13/02/2016 10:00:00 a.m.
13 February 2016
Above left: A Krupps field gun, thought to have been captured by the Maori Pioneer Battalion at Le Quesnoy, northern France, was located at the front of the memorial, enclosed by four identical carved posts and a chained fence. CREDIT: Rotorua Museum Collection CP-2122
Above right: The memorial today.
Fitting tribute to unique piece of local history
Rotorua’s Te Arawa Soldiers Memorial in the Government Gardens is to be restored as part of the district’s World War One commemorations.
The memorial was unveiled on 28 February 1927 by HRH The Duke of York (later King George VI) during a Royal visit to New Zealand. Over the years, however, its condition has deteriorated and elements of the structure have been vandalised.
Reinstating significant elements of the memorial is seen as a way to restore the mana attached to the memorial and to those it commemorates. It will also enable future generations and Te Arawa to appreciate a unique piece of the Rotorua district’s history.
Rotorua Mayor Steve Chadwick, who chairs the Rotorua District WW100 Commemorations Committee, says it will be fantastic to see the memorial restored.
“We’re very pleased we’ve been able to attract funding for this project – to restore and preserve an important piece of Rotorua war history which this memorial marks.
“The memorial is one of only a few erected by Maori to commemorate their men who fought and died in World War One. Its restoration will be a fitting way to commemorate our city’s contribution to World War One.”
A large contribution - $275,229 – from the Lotteries World War One Commemorations, Environment and Heritage Fund has been confirmed and will enable the project to go ahead. The fund supports projects that foster the conservation, preservation and promotion of New Zealand’s natural, physical and cultural heritage and includes support for community events, activities and capital projects commemorating the centenary of World War One.
Other organisations supporting the project include Rotorua Trust (RECT) which is donating $25,000, NZCT ($30,000) and New Zealand Maori Arts and Crafts Institute which will do bronze work on the project.
Mayor Chadwick says the memorial has had an interesting history since being erected in the late 1920s.
“Our committee is delighted with not only the contribution from the Lotteries fund but also the funding and input from other organisations, including from Rotorua’s New Zealand Maori Arts and Crafts Institute which will bring its expertise and enthusiasm to the project.
“The memorial has been in need of attention for some time now and it’s great that we can finally get it restored,” she says.
The project was instigated by the Rotorua District WW100 Commemorations Committee, which is chaired by the mayor and also includes representatives from the RSA, Rotorua Lakes Council, the Rotorua Museum, the Ngati Whakaue Education Endowment Trust, the 28th Maori Battalion B Company Trust, Rotorua Boys High School, the Children of the Gallipoli Veterans, the Rotorua District Cadet Unit, the Rotorua Menz Shed and the media.
The committee has consulted with Te Arawa, through various organisations, and received unanimous support for the undertaking. Young Maori and where possible, Te Arawa carvers, will be given the opportunity to work on the project – seen as an opportunity to increase their understanding of their whakapapa and traditional carving skills.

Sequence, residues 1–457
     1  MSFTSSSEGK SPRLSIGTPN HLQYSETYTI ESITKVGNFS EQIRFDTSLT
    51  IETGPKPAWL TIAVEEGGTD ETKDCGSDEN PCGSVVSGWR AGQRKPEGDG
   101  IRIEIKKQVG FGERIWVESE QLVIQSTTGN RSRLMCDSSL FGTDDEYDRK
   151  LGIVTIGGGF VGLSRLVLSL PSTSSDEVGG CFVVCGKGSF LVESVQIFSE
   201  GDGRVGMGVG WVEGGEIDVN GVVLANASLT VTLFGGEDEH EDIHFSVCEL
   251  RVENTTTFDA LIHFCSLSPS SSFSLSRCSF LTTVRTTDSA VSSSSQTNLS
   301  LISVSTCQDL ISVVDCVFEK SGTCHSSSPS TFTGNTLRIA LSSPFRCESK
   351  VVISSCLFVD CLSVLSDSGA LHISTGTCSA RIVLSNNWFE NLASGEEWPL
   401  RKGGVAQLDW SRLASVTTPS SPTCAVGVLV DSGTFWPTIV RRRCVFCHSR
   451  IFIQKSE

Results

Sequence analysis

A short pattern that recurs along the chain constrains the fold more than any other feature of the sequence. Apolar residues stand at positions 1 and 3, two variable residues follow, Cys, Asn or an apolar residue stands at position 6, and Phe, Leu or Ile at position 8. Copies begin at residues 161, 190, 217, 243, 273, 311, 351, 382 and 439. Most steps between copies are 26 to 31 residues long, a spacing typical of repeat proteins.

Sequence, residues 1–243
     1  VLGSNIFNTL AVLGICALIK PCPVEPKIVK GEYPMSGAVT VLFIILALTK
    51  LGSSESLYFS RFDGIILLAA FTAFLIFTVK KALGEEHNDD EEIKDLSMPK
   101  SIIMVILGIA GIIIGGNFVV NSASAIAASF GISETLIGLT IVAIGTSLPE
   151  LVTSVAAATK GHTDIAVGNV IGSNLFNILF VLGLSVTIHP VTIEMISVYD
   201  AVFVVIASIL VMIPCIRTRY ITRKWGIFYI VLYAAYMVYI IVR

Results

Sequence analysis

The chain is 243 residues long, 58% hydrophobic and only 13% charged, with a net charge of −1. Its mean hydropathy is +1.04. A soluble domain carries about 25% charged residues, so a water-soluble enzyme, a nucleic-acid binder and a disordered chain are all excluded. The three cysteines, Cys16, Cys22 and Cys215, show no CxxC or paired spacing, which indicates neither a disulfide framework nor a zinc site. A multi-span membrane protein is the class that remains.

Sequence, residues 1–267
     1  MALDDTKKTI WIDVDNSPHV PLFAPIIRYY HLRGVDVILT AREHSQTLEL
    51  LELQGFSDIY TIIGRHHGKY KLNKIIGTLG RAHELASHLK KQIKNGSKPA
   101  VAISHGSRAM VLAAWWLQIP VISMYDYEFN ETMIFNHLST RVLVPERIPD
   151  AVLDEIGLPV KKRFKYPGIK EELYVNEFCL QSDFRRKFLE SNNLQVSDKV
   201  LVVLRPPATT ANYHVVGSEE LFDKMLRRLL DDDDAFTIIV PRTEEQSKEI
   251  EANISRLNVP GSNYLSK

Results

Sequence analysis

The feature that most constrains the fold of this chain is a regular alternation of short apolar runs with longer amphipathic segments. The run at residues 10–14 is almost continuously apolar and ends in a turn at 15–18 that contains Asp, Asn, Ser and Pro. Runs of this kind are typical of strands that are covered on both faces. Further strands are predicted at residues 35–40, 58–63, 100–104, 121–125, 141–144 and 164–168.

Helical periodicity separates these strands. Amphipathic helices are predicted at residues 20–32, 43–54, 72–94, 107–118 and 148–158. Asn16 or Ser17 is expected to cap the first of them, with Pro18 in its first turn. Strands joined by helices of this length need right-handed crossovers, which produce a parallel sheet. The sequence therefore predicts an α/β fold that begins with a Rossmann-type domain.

The project will involve the repair and conservation of the stonework on the memorial; replication of the stone statue of Rangitihi which was badly damaged and removed from the memorial in 1936; replication in bronze of eight original tekoteko and four pou that originally surrounded the memorial; and research and development of new interpretive panels.
The restoration will be the most significant project being undertaken by the committee and the aim is to have the restoration completed in time for Armistice Day 2018 (100th Anniversary of Armistice Day).
The committee considers NZMACI’s involvement in the project as important and significant. The project aligns with the institute’s business strategy, according to NZMACI director Karl Johnstone, taking advantage of bronze casting skills NZMACI has accrued through its foundry and supporting an important community kaupapa.
About the memorial
• Erected to commemorate Te Arawa men who fought and died in WW1, the memorial portrays key events in the history of Te Arawa and the interactions of Te Arawa and Pakeha.
• Features the names of 35 Te Arawa men (four more are listed on the 1927 souvenir programme).
• General deterioration over the years as well as incidents of vandalism, including of the pou and the stone carving of Rangitihi which the memorial originally featured was the reason that the Committee chose the restoration of the memorial as its flagship project.
About the restoration
Above: This picture of Rangi McPherson in front of the memorial in the 1950s was taken by Eric Hiini and donated to Rotorua Museum by George McLeod. CREDIT: Rotorua Museum Collection 2008.1573
• A conservation plan was commissioned by Rotorua Lakes Council on behalf of the committee and this identified the severely degraded state of the memorial including stone elements, losses and other damage to stonework, the loss of the stone statue of Rangitihi and removal of the original carved pou that surrounded it.
• At presentations to iwi, Te Arawa supported the restoration including restoring the pou in bronze (this will involve moulding and casting the remaining pou into bronze replicas).
• The project will be completed in stages and work is to begin as soon as possible with contractors expected to be commissioned by March 2016.
• Iwi will be consulted to determine the manner in which the statue of Rangitihi is to be replicated.